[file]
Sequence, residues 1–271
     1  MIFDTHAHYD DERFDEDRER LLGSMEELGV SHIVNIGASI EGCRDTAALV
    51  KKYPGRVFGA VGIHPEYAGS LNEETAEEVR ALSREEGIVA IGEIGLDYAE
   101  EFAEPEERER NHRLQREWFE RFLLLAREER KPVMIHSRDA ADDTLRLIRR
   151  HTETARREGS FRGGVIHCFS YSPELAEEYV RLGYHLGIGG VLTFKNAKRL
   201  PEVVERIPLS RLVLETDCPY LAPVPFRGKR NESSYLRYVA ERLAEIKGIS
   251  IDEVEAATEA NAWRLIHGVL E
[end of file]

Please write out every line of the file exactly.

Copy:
Sequence, residues 1–271
     1  MIFDTHAHYD DERFDEDRER LLGSMEELGV SHIVNIGASI EGCRDTAALV
    51  KKYPGRVFGA VGIHPEYAGS LNEETAEEVR ALSREEGIVA IGEIGLDYAE
   101  EFAEPEERER NHRLQREWFE RFLLLAREER KPVMIHSRDA ADDTLRLIRR
   151  HTETARREGS FRGGVIHCFS YSPELAEEYV RLGYHLGIGG VLTFKNAKRL
   201  PEVVERIPLS RLVLETDCPY LAPVPFRGKR NESSYLRYVA ERLAEIKGIS
   251  IDEVEAATEA NAWRLIHGVL E